Maybe this is a bit over the top, but remember the above point about understanding how you track success? This is most regularly done through conversions – conversions are when your site succeeds – a transaction, a submitted contact form, PDF download etc. If these aren’t tracked as conversions you’ll struggle to understand where the success is coming from and what your audience behaviour is like. Most of the time that means your decisions are based on guess work.

8) GA ties all your marketing efforts together

This should probably read “should tie your marketing efforts together”, because whilst it can do it, and do it very well, this isn’t always ready out of the box. You can track phone calls, video views, even offline transactions (if you’re feeling adventurous), and this is very, very powerful for working out how to proceed with your marketing strategy. If this sounds like something you’d need, then best start reading up on it, or asking a Google Partner who can help.

9) Apps ARE the future

I’ve taken a few Google Analytics exams in the past, but the inclusion of App tracking to this one was a really significant one. I’ll scoot past the importance of app analytics for now (but that’s pretty important!), what it really shows is how committed Google is to facilitating app development with how developers work with it, as well as the part Apps will play in the future of our consumption of data and “search” itself.

10) Advanced segments are your best friend*

Slicing through data to find the information you need, and quickly is a huge part of effective analytics use – advanced segments are your way to that. If you don’t use them, you really should!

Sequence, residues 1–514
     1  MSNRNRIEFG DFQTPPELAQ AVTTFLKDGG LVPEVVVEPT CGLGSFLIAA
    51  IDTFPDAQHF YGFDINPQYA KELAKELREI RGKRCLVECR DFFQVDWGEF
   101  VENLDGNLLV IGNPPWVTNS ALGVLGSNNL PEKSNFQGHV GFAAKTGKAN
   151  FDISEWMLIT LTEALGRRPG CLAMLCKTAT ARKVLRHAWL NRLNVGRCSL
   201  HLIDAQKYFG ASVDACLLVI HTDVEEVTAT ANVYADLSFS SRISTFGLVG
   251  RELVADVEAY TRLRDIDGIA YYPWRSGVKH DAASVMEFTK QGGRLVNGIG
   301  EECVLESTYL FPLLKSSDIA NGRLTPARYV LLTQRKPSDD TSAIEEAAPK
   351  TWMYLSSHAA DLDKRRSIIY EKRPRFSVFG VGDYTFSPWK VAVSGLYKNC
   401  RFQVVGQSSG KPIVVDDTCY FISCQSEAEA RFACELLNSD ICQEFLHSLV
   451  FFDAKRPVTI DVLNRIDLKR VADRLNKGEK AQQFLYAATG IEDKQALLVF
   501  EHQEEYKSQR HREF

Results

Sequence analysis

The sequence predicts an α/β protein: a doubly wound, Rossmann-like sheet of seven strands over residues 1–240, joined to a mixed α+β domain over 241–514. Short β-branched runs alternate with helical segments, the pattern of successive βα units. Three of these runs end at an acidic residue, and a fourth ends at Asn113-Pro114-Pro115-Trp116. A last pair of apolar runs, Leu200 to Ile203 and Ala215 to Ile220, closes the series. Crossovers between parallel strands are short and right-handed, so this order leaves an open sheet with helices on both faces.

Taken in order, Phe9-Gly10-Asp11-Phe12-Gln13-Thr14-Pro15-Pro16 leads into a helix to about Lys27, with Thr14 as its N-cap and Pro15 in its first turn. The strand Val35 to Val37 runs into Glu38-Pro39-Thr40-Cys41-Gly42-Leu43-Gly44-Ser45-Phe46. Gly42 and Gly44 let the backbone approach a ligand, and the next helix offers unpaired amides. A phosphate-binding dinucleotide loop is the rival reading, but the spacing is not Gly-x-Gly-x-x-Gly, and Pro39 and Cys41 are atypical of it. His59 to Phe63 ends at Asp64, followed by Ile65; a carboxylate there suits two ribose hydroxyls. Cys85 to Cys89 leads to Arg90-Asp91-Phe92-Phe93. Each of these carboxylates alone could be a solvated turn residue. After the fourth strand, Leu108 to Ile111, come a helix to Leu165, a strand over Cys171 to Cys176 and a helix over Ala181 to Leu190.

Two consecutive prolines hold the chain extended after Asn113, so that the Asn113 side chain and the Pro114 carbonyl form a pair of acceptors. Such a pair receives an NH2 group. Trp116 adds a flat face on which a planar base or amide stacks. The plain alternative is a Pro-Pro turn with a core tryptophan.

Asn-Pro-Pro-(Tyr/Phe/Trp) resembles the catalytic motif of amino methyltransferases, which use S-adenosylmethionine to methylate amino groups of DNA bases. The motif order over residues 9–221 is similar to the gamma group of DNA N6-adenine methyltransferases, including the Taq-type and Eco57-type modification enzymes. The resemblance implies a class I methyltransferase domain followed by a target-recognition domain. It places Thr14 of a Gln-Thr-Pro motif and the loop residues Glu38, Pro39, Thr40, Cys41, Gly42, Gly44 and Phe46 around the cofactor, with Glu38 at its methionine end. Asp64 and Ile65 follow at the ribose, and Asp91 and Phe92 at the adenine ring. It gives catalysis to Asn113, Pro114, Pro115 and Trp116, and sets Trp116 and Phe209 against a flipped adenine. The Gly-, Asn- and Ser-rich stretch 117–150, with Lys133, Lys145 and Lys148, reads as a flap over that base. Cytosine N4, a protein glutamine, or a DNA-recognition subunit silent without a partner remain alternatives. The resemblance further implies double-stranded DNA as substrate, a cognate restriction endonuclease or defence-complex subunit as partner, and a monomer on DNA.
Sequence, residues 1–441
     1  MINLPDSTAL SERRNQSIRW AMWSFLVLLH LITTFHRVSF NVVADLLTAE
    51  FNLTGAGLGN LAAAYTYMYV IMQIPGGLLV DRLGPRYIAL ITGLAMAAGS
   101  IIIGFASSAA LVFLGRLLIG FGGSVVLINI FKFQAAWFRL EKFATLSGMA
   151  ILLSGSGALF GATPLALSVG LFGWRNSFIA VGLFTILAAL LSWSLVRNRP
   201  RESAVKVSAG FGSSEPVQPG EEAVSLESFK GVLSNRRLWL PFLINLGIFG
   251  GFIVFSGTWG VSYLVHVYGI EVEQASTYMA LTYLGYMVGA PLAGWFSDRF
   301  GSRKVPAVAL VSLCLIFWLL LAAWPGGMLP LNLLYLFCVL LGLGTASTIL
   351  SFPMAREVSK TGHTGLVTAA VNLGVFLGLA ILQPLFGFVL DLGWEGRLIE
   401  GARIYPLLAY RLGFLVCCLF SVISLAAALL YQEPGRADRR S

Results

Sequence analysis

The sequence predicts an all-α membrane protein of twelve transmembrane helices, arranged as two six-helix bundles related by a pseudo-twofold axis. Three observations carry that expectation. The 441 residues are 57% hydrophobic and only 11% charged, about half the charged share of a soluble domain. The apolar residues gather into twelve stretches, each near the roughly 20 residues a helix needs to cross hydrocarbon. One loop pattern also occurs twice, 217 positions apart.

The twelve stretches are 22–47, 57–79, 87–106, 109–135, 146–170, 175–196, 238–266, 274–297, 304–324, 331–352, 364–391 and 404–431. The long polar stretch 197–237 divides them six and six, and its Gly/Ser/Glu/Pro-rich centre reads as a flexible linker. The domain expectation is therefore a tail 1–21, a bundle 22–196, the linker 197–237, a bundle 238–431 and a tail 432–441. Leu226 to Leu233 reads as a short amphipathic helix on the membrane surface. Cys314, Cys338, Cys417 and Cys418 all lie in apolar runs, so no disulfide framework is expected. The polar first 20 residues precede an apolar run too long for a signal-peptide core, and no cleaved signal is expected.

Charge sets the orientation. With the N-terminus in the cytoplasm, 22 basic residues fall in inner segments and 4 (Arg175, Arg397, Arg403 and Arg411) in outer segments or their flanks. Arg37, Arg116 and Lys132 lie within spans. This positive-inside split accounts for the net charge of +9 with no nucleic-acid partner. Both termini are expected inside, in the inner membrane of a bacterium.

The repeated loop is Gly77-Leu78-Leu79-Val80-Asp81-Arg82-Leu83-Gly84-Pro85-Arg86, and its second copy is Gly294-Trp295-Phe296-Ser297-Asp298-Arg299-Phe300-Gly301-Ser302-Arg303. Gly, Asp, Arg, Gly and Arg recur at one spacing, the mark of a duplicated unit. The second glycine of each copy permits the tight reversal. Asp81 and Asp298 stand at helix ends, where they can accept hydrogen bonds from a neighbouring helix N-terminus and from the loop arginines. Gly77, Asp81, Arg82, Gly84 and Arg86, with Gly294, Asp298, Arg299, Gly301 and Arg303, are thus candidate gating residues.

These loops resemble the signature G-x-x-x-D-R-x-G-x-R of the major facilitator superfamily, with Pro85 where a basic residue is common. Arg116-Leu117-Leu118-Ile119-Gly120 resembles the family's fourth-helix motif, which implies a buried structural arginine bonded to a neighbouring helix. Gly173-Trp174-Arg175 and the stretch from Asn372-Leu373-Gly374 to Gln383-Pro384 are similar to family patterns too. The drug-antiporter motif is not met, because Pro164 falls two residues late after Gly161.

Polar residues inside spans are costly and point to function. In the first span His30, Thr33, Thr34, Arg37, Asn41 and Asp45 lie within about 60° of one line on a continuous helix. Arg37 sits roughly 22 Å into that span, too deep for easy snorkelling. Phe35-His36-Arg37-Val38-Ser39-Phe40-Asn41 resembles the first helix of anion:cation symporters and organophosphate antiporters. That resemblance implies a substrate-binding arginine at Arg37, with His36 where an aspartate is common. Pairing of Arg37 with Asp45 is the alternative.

*Maybe the rest of your friends are pretty lame?

11) Most people don’t know one View HAS to stay unfiltered!

For those getting more into analytics it will occur to them to filter their traffic so it removes their own IP address so employee’s traffic doesn’t over-inflate what you’re seeing. Smart move in most cases, however, what most people don’t realise is that filters remove the data from that view from the moment you activate it – i.e. no getting it back. So if you have one view “All traffic data” which will be the default and you setup a filter wrongly on it and don’t notice – that’s that data down the drain – forever.

Always keep one unfiltered profile and create new ones if you want to add any filters later – that way you always have all the data.

12) The four Key Platform Principles

Google analytics interests me a lot (and I’m great fun at parties too!), but I struggled with this a little, as it’s a little dry and irrelevant to most users of GA. In a nutshell, the key principles are:

  • Collection
  • Processing
  • Configuration
  • Reporting


See what I mean? But without being too critical of this and why most people should even care, it is important to understand how GA works (and the order it does its work in), to get to grips with the advanced concepts later!

13) Being qualified doesn’t make you an expert – but it helps!

It’s very possible to be an expert user of GA without being “qualified” – anyone who says otherwise probably doesn’t what they’re talking about. In fact, just being qualified is only the start (as with most things!), however, as a foundation for your knowledge/skills Google’s own training and qualification process is pretty easy to digest, robust and all-in-all worthwhile if you’re serious about understanding how to make your site better.


There you have it, my top points – not everything you need to know as there’s a load more to GA that I haven’t even touched on here. But if you think I’ve missed anything really important – drop it in the comments below!


Thanks to Blue Fountain Media for the image (available here)